Troy Heinert of District 26 Reporting from Pierre
Greetings friends, neighbors, fellow tribal members, and especially to the District 26 constituents. The third week of the 93rd Legislative Session is complete and committee work is intensifying. Friday was the last day for unlimited bill introduction by Legislators so you can imagine the flurry of activity in the Capitol. Legislators are now restricted to introducing three new pieces of legislation if they want them to be heard this session. So far, I am the prime sponsor of seven senate bills and eight house bills. I plan on introducing three more bills this session.
The floor sessions have been fairly lively as we have been clearing our calendar in the Senate every day. Last week, I wrote about an attempt to make it more difficult for a Constitutional Amendment to be passed by the voters, we saw that this week in the form of SJR 1. SJR 1 submits a constitutional amendment to the voters in the 2018 election that would require any future constitutional amendment garner 55% of the vote in order to be enacted. Though it passed the Senate and will move onto the House, please let me explain my opposition to this resolution in committee and on the floor.
The framers of the South Dakota Constitution enacted this provision to allow the people of South Dakota to submit proposed amendments to THEIR Constitution as they see fit. We were the first state to enact this provision, and it gives the people the chance to have direct control of their founding document without an arbitrary percentage for passage.
For a constitutional amendment to get on the ballot, it requires registered South Dakota voters sign a petition stating that they would like to see the amendment on the ballot. Right now that number is around 28,000 valid signatures, which usually requires 40,000 to 50,000 signatures to reach the 28,000 signature threshold. The Legislature can bypass this step and submit a constitutional amendment with a majority vote. That means 54 votes and the Governors signature can get an amendment onto the the ballot. That is a minute fraction compared to what is required for voter-proposed amendments!
SJR 1 doesn’t even require the 55% threshold it is seeking to enact in order to pass. It could literally pass by one vote.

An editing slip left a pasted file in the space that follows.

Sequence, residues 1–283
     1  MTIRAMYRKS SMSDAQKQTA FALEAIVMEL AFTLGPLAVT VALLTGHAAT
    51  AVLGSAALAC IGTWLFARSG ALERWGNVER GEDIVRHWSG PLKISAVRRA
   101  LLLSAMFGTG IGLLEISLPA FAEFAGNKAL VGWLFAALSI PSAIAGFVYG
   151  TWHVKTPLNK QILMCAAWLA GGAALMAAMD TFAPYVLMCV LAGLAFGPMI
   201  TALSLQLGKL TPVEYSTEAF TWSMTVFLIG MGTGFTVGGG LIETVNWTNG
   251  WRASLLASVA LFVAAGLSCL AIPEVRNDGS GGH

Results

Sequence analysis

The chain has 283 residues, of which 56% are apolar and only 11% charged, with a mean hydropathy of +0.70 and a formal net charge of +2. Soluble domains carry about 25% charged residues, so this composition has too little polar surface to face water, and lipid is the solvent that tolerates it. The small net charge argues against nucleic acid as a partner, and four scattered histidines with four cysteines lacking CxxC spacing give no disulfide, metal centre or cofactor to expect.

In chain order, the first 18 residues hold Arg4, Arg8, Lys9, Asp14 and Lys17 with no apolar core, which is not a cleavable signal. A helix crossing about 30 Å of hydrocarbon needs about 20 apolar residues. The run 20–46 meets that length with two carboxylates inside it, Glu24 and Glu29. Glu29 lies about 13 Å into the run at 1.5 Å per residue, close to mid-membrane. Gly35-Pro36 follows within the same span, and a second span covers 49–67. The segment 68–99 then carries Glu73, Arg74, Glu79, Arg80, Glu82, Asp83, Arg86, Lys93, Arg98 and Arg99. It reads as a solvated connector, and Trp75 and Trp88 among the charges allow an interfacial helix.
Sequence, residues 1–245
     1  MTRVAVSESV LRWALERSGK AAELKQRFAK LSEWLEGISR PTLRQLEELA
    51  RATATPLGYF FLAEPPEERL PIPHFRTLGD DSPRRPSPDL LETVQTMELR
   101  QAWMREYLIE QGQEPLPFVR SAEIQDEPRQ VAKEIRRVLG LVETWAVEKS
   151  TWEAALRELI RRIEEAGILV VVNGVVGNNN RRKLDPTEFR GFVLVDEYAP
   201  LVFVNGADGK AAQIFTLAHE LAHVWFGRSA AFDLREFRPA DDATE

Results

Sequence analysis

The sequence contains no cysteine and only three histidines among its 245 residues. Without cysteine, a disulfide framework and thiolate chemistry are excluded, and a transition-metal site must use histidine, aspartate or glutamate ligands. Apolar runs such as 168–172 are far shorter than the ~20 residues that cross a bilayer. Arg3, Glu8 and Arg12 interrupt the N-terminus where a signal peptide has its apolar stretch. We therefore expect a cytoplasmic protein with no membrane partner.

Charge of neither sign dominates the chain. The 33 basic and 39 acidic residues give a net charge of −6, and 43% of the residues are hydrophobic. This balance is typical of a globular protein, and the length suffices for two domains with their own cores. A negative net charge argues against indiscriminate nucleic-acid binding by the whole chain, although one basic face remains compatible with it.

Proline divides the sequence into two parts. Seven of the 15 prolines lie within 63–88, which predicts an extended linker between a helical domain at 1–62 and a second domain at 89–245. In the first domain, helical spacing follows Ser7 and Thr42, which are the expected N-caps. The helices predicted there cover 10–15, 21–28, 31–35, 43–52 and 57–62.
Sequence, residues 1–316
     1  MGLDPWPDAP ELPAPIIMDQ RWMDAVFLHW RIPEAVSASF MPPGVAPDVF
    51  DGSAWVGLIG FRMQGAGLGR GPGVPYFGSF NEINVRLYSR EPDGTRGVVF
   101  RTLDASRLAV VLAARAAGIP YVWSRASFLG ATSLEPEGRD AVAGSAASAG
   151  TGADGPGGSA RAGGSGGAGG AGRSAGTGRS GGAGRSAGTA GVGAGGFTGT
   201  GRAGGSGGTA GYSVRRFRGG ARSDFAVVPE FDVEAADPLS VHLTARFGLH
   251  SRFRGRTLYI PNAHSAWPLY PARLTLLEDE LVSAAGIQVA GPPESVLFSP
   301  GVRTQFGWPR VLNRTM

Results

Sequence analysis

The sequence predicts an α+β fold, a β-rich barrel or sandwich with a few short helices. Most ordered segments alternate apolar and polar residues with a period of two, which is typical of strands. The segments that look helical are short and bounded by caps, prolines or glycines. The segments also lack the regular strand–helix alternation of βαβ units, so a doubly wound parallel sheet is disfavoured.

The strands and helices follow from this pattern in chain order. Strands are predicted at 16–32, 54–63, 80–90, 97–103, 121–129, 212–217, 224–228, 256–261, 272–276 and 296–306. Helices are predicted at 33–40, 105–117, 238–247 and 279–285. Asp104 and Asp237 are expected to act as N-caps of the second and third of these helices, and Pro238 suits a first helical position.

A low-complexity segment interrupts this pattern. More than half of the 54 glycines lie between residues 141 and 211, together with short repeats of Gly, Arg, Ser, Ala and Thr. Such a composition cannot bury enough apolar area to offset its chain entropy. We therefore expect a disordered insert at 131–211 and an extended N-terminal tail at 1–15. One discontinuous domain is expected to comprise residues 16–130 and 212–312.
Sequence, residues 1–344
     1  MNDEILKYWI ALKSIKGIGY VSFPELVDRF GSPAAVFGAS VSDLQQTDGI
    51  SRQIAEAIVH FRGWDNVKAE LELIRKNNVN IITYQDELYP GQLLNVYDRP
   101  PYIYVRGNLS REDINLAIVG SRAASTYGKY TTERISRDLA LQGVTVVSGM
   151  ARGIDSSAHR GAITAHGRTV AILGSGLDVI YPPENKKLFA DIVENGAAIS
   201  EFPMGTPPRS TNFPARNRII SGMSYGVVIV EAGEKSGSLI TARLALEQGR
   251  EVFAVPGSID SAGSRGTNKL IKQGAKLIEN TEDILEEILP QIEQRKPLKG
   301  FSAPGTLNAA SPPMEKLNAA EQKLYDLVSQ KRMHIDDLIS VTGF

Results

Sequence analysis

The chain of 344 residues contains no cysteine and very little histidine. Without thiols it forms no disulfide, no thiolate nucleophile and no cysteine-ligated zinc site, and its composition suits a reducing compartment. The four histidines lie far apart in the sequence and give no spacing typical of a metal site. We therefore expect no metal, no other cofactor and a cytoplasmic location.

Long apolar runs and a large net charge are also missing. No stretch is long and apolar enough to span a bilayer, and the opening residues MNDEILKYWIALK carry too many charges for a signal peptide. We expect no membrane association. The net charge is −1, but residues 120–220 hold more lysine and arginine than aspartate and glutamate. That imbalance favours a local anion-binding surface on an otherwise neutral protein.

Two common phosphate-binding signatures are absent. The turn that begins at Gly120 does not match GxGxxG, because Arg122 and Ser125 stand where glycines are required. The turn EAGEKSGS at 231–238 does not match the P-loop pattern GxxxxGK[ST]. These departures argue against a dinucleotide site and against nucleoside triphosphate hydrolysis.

There have been over 30 amendments enacted in recent years without reaching the 55% baseline. Examples include a different classification of ag land for school taxation purposes and establishing the new Vo Tech board. South Dakotans have been very thoughtful and cautious in changing our constitution. Historically, there have been 240 attempts to change the constitution with exactly 120 succeeding. I would say that throughout the years the people have not taken this task lightly.
And finally, this did not come from the people. This resolution was solely brought by the legislature with the argument that our constitution needs protection. My question would be, protection from whom? Our motto is “Under God the People Rule” its not “Under God 55% of the People Rule.”
This year marks the 150th anniversary of the signing of the Treaty of 1868, the Fort Laramie Treaty. This document, which was ratified by Congress and affirmed by the Supreme Court, still has the force of law under Article 6 of the US Constitution and is the basis for negotiations between the Tribes and the Federal Government. I was pleased to get my resolution recognizing the Treaty of 1868 passed through the Senate on a 25-7 vote. The Legislature has made great strides in improving race relations with legislation like the Native American Achievement School Grant Program and this resolution, but we still have a ways to go. I look forward to continuing these efforts during my tenure as your Senator and welcome any ideas that take us forward in a positive manner in the coming years.
The State/Tribal Relations Committee held a meeting at the beautiful SGU campus on Jan. 26. We were pleased to tour the Todd County Middle School, which is one of the Native American Achievement Grant Schools, to see their progress as part of the project. I cannot thank the principal, Dana Haukaas, and the grant fellow, Sage Fast Dog, enough for their hospitality and willingness to share their success with the nearly 30 individuals that were lucky enough to witness it first hand! Thank you to the staff and students for giving us a glimpse of the tremendous growth you have made in this exciting way of educating students in a culturally relevant manner. Many of the guests commented on how well this is working and how they would like to see the same opportunities given to more districts in our state. I love success stories and this is truly one of them.
Speaking of success stories, I would like to congratulate Shelly Piper and the team at the Ampride in Mission for winning Country Pride Cooperatives, Circle of Pride Award. What a wonderful accomplishment for her and the hard working employees that provide a much needed service in District 26!
I had a chance to visit with the Department of Tourism folks this week on some pending legislation, and we had a chance to talk about how District 26 is a great place to make an investment in time, resources, and capital. There is a possibility for some big things on the horizon for our district, and I will continue to work with them to bring them to reality. From Kimball to Murdo, Vivian to St. Francis, and everywhere in between, we have so much to offer. Please reach out to me or to the Department of Tourism with your ideas.
Thank you for the responsibility of being your Senator; I look forward to seeing you at the upcoming Cracker Barrel’s in your community. If you would like to schedule one or you have an issue or concern, I can be reached at Troy.firstname.lastname@example.org or 605-319-6570. I look forward to hearing from you!